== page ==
Mature Life Features

Cecil Scaglione, Editor

Italy’s Heart Beats in Umbria

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PANICALE, Umbria — Umbria is comfortable perched in the shade — not the shadow, the shade — of its more renowned neighbor, Tuscany.

While the Etruscans fashioned a culture that became identified as Florentine, Umbria wove its history through such hillside towns as Assisi, Gubbio, Orvieto, Perugia, Spello and Todi, all within an hour from this castle-cum-village plunked atop a hill midway between Rome and Florence.

Umbria wraps around most of Lake Trasimeno, the fourth largest lake on the peninsula, on the edge of the Pisa-Florence-Sienna triangle. Hills quilted with chestnut, oak, olive and grape roll away from its shores and house dozens of villages.

Panicale is also called the Balcony of Lake Trasimeno because of its panoramic view of the lake.

It also offers a peek into both medieval and modern living. Piazza Umberto I is built around the town’s 500-year-old fountain and is the town’s living room.

Newlyweds have wedding photos taken here. Locals begin and end their days here over espresso and wine. They stop gossiping only to stand up for crucifix-led funeral processions chanting the Pater Noster (Our Father) on their way down from the massive 1,000-year-old Umbrian gothic Church of St. Michael the Archangel that dominates the town.

Most of their city shopping in the Tuscany town of Arezzo, less than an hour north. Sometimes they shop in the capital and commercial hub of Umbria, Perugia, just 30 minutes away.

On a hillside within viewing distance from Perugia is Assisi, the birthplace of St. Francis, the founder of the religious order that established the string of 21 missions forming the backbone of California.

His remains are housed in the basilica named after him, as are those of St. Clair entombed in the church named after her at the opposite end of town. Both churches are decorated with heart-stirring frescoes, which are everywhere — inside and outside buildings in every community throughout the region.

A small church in Panicale (the town once had seven) houses a famous fresco – The Martyrdom of St. Sebastian. It was painted in 1505 by Piero di Cristoforo Vanucci, known as Il Perugino, whose most famous pupil was Raphael.

There’s a bit of local history story attached to this painting.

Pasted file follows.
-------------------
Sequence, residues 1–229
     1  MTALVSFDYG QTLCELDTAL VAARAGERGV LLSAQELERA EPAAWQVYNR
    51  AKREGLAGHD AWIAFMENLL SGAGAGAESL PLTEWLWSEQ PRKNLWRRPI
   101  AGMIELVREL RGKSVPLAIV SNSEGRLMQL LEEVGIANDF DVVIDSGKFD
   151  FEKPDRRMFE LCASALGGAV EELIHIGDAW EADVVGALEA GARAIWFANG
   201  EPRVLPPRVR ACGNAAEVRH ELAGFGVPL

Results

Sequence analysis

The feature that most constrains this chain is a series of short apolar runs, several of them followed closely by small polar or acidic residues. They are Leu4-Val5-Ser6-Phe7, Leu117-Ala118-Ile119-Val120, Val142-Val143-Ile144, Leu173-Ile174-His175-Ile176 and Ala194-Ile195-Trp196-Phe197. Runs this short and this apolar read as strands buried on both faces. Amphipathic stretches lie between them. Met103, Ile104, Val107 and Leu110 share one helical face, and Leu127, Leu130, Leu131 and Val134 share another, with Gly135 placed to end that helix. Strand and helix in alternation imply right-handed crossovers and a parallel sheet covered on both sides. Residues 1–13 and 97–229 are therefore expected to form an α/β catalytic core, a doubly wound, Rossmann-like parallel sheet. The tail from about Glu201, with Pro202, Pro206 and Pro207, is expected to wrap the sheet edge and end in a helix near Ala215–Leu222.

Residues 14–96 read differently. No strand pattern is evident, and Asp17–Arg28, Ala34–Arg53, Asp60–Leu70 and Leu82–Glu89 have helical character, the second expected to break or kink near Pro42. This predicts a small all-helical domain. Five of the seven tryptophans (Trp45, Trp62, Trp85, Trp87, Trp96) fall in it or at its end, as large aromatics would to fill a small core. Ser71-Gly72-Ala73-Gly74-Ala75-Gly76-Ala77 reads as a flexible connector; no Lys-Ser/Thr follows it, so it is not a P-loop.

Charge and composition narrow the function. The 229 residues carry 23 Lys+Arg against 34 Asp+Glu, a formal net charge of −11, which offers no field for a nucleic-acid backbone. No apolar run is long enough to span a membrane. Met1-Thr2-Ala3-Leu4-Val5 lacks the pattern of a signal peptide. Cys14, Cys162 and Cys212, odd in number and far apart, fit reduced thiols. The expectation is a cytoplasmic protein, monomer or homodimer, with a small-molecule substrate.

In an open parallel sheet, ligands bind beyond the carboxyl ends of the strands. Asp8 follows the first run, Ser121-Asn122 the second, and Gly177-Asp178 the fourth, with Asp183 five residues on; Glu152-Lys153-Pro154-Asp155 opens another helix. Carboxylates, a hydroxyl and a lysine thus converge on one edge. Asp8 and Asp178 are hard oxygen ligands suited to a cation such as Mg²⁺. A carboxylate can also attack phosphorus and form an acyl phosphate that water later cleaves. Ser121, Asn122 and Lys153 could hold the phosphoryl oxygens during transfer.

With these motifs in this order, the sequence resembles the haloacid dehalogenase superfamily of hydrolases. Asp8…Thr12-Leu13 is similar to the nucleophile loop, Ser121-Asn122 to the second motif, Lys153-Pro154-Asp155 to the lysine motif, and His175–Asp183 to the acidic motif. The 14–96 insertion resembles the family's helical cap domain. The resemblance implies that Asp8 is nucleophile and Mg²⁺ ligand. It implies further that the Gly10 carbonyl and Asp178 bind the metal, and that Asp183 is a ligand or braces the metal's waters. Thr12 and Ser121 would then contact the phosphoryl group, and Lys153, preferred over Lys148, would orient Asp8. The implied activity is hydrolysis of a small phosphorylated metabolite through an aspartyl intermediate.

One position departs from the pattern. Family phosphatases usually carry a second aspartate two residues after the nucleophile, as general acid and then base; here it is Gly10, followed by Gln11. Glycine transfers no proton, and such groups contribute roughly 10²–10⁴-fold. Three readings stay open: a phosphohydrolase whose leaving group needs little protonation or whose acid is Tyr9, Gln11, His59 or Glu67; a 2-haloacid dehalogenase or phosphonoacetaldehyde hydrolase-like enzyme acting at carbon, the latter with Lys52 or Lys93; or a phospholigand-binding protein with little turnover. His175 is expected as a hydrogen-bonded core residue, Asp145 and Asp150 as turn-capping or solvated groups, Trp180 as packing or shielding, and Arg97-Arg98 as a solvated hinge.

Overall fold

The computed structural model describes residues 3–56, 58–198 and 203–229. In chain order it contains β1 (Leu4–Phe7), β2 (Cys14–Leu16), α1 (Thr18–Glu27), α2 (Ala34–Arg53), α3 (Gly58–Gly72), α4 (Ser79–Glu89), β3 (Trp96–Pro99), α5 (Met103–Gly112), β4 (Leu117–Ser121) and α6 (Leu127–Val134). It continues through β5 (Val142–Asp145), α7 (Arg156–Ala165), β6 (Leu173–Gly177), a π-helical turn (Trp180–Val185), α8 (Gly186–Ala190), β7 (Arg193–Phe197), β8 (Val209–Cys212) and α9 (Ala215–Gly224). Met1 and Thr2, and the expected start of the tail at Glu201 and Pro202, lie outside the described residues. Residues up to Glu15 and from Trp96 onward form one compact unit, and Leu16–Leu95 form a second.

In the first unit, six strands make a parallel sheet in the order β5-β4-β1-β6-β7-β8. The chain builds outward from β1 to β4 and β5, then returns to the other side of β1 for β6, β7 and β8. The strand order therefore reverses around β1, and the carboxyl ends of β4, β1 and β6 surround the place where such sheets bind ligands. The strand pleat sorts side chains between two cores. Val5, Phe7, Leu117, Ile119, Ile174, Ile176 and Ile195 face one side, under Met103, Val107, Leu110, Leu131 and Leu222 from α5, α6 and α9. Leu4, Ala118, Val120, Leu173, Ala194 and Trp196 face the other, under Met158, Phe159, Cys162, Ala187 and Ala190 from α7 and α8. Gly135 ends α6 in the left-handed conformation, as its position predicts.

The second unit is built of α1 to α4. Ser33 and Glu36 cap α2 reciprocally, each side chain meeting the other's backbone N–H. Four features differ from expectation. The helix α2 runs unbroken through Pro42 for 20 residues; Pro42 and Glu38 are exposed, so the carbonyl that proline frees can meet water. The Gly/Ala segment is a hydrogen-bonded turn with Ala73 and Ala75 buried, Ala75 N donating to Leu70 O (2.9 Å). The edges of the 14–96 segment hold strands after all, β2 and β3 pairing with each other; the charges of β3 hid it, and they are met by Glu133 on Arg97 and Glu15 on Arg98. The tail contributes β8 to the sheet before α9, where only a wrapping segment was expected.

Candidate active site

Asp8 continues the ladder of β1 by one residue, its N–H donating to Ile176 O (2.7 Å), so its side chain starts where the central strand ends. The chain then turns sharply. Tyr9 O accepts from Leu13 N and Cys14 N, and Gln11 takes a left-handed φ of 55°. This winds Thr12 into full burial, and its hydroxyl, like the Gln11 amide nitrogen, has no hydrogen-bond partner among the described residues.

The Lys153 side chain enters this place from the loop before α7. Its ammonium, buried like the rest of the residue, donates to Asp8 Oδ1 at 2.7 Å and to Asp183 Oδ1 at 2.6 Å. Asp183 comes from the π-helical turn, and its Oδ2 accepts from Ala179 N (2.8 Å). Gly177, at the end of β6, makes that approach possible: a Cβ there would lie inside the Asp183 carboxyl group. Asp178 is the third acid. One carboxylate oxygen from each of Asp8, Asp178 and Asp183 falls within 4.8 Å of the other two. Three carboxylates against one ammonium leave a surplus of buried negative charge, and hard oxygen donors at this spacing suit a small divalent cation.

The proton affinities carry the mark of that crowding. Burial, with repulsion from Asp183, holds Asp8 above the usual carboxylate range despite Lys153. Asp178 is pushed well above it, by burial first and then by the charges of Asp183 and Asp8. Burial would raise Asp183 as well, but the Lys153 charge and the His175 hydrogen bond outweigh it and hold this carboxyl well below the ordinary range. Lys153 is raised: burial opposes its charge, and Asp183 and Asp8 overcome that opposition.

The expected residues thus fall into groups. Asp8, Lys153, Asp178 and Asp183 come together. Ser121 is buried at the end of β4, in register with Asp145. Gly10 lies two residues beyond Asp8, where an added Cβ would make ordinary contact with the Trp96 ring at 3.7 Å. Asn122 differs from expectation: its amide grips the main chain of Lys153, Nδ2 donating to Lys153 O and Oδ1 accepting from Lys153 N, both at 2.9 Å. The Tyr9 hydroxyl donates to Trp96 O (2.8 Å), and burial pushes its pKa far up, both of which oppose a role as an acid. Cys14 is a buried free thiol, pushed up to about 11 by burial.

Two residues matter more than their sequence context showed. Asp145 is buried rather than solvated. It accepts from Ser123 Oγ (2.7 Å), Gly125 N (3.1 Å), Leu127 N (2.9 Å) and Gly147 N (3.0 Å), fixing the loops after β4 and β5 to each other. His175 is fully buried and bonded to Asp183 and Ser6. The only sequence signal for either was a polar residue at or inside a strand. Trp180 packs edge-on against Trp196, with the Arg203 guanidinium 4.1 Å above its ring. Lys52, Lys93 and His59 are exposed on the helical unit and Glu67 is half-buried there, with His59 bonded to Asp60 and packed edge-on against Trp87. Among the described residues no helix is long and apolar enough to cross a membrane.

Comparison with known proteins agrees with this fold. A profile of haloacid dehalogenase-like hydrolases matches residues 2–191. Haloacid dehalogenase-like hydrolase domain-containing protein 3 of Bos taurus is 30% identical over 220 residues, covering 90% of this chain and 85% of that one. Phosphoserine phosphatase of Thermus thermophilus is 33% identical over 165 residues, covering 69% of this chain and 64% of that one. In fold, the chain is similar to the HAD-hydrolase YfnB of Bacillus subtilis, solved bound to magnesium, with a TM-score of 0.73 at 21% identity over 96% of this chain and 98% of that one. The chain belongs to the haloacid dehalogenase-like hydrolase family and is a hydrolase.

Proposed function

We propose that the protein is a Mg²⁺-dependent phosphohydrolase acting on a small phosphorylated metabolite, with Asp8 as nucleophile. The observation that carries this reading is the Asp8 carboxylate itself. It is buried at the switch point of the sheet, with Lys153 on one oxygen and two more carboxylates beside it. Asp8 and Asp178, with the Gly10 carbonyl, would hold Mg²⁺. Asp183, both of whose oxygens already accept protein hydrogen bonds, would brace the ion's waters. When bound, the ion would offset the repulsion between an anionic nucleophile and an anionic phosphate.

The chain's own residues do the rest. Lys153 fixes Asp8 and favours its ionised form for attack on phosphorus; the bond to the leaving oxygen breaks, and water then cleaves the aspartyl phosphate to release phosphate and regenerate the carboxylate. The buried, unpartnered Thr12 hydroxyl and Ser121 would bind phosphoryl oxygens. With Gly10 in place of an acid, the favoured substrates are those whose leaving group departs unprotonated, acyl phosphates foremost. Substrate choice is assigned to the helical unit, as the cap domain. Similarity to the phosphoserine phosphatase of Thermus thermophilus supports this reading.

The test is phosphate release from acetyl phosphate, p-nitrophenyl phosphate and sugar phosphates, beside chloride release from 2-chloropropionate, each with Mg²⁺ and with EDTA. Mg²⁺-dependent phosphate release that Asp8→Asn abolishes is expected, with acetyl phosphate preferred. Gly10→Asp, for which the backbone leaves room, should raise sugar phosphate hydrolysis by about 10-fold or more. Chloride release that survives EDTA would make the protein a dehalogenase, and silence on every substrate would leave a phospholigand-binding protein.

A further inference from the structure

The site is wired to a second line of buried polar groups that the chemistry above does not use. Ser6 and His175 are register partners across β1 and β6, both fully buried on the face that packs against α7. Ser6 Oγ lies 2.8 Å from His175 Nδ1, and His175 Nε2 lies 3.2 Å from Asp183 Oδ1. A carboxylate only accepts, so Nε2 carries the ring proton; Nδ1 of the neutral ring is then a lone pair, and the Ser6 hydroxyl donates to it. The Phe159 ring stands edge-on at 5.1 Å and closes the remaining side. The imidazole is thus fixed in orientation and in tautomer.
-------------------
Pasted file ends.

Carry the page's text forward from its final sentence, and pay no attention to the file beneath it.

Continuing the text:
On each side of this landmark Renaissance work are two small groups of faceless bystanders watching Roman soldiers fire arrows into the martyr’s body. To make a fresco, the painter puts in the colors while the plaster is still wet. The people in these groups were the patrons of the painting and Il Perugino found out they weren’t going to finish paying him, so he painted their faces after the plaster dried. That’s why they have no faces now.

Il Perugino was summoned by Pope Sixtus IV in 1481 to paint a portion of the Sistine Chapel. His “Charge to Peter” is still on view in the Vatican.

This artistic bent has filtered down to artisans. It’s evident everywhere but you can see it clearly just an hour away in Deruta, the ceramic capital of central Italy. Its shops offer baked and glazed clay in all shapes, sizes, designs and colors.

Gubbio, tucked into Umbria’s northeastern corner at the foot of the Apennines, gives you a look at what medieval life looked like. People still live in 1,000-year-old houses and work in 1,000-year-old workshops. And they attend outdoor productions at a 2,000-year-old 15,000-seat open-air Roman theater.

You can drive here, of course, but trains are best for taking you into the heart of Italy’s major cities.

Taking to the road is not the nightmare some would lead you to believe. Motorists tend to tailgate but all you have to do is get out of the way. There are many roadside pull-over areas to let drivers get by. They’ll even give you a beep-beep “thank you” as they pass.

Rather than drive, we walked four kilometers (about 2 1/2 miles) to the neighboring village of Paciano for lunch. And that’s another part of what fun things to experience besides the heart and history of Italy– the cuisine.

The food merits a story in itself — local pastas, regional salamis, veal, gelato, wild boar, roast rabbit, truffles, guinea fowl, fresh produce and salads, piquant olive oil, wine without additives, the list is endless.

A Yorkshire resident who visits Umbria regularly, said it all: “You just can’t find bad food here.”

Written by Cecil Scaglione

December 6, 2021 at 3:00 am

Posted in Italy

Tagged with , , , ,

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